New BART protests could test emerging policy on cell service shutdowns
After criticism from civil libertarians and First Amendment scholars, BART says it will consider a policy of shutting down cellular service only in an 'extreme case.' But what is an extreme case?
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“Whereas a terrorist attack in action is a legitimate reason to cut off communications because lives are clearly at stake, a potential crime – no matter how logical that may seem – is not a good enough reason and is clearly a violation.”Skip to next paragraph
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Mr. Levinson says legal minds agree that when there is a "clear and present danger" to life, limb, or property, that the government not only has a right but a responsibility to do all in its power to stop it, including limiting communications. The line is included in the US Supreme Court's 1919 so called "Clear and Present Danger" decision, which is generally accepted as a limitation on the First Amendment.
But Levinson and others feel that the limitation is dangerous, because it can be misused to stop speech and press that doesn't really present an immediate danger, or to stop the communication of citizens who are not posing a danger to anyone.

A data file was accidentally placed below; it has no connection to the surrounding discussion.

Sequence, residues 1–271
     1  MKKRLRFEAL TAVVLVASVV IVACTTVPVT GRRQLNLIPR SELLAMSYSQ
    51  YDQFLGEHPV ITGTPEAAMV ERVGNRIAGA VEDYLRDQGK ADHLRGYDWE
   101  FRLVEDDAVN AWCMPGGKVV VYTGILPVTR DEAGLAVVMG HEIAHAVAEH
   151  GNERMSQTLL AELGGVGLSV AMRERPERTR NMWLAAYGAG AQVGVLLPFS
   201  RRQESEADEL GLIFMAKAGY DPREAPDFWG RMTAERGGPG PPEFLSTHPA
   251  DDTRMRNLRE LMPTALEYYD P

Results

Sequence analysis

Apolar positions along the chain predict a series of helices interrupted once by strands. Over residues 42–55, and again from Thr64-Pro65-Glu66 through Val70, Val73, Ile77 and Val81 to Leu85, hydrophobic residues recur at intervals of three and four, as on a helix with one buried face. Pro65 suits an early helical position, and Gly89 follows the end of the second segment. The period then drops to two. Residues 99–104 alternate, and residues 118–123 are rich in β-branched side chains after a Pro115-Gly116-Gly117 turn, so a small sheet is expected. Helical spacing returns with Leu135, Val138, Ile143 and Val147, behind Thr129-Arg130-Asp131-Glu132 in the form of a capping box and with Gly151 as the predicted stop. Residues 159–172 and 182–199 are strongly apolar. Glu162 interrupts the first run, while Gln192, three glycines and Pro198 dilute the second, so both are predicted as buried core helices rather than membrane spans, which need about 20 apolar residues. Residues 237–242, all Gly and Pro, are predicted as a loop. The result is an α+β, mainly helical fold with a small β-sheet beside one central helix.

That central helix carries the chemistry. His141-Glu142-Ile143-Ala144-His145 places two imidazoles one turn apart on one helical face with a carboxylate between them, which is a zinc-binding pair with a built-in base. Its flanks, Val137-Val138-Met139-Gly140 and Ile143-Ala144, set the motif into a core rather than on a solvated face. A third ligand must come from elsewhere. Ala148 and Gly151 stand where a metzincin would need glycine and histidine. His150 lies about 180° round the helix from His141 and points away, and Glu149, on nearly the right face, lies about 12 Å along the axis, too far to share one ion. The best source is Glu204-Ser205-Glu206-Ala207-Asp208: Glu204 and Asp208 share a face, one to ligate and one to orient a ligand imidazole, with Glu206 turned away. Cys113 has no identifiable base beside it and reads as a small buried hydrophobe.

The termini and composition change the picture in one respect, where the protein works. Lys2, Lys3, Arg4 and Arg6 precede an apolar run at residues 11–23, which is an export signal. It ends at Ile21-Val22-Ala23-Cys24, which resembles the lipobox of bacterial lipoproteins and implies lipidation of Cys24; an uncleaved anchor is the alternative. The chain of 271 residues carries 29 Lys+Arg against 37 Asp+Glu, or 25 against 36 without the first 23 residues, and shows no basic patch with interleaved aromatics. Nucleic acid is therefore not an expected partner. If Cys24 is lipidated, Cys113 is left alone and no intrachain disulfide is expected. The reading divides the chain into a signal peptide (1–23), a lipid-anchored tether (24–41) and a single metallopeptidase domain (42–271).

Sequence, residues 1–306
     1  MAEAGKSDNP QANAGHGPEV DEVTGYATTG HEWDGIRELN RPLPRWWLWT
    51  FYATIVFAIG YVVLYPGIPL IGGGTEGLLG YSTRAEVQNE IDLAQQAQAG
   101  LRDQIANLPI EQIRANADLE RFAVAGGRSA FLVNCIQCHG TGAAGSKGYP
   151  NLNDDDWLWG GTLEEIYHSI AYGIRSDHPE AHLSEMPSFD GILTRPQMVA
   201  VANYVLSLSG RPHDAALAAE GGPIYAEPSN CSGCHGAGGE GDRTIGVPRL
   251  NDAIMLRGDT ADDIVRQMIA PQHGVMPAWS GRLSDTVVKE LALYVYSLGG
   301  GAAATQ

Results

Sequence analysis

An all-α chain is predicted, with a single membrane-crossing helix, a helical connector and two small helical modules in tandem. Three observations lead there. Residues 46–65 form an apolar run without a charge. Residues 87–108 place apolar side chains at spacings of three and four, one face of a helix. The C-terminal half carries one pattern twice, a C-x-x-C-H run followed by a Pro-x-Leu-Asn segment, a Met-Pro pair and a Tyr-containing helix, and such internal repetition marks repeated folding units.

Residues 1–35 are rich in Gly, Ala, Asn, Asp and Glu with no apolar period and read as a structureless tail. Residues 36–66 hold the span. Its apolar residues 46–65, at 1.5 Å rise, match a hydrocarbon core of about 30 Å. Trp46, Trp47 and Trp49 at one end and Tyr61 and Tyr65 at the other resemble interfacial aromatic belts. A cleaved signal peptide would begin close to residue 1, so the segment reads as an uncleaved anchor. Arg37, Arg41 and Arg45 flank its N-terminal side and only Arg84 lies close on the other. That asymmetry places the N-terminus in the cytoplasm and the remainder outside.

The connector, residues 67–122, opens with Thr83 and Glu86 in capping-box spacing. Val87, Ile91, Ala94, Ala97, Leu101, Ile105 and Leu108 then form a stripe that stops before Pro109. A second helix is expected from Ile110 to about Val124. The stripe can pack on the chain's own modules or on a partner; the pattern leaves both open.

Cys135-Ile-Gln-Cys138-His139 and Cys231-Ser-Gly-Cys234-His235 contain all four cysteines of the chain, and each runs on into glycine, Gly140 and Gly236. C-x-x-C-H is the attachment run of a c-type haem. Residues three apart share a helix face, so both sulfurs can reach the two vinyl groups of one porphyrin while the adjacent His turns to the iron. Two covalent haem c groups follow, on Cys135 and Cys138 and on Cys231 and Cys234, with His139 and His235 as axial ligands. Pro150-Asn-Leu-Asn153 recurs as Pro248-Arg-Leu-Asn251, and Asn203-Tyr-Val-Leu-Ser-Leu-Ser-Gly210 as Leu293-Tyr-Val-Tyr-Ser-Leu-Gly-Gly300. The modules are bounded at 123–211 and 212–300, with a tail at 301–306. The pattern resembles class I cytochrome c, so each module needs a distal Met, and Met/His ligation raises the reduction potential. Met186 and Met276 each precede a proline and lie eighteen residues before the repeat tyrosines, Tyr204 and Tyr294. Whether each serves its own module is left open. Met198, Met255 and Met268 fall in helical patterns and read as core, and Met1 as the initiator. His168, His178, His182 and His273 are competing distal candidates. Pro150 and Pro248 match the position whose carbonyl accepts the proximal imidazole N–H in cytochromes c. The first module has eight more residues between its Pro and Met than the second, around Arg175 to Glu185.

He says BART’s newly-proposed policy may be a step in the right direction, “but it must be rigorously watched to make sure well-meaning BART officials don't use it to stop what aren’t ‘clear and present major crimes’ - criminal activities in process - but the potential for crimes.
Cutting off anyone's cell phone for a crime not in progress, or imminently about to happen, would be going too far, and would clearly violate the First Amendment,” he says.
A citizen's free-exercise right must be weighed against the public interest and a state can regulate to ensure that it is practiced in a reasonable time, place, and manner.
“You have the right to demonstrate and speak your mind, but not in the middle of the San Diego freeway at noon,” says Mr. Choper. “If you want to be near it in a park or on a sidewalk, that is one thing. But you don’t have the right to speak anytime, anywhere … there have been a ton of cases on this.”
Robert Pugsley, a professor of law at Southwestern Law School, thinks BART has a strong legal argument in favor of shutting off cell service based on past experience, and that the key will be how peaceful the demonstrators are and how many of them show up.
“BART has already witnessed mobs get out of control," so they certainly have a First Amendment argument in their favor, says Pugsley. “It’s a judgment call on whether or not commuters have safe access to and from the trains.”
IN PICTURES: Flash mobs